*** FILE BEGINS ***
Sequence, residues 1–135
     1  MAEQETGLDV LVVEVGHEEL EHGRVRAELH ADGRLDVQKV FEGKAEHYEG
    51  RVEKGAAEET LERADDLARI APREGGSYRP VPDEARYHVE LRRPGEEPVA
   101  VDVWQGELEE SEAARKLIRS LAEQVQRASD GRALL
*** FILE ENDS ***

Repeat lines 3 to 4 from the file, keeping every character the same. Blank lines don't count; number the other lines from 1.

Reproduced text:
    51  RVEKGAAEET LERADDLARI APREGGSYRP VPDEARYHVE LRRPGEEPVA
   101  VDVWQGELEE SEAARKLIRS LAEQVQRASD GRALL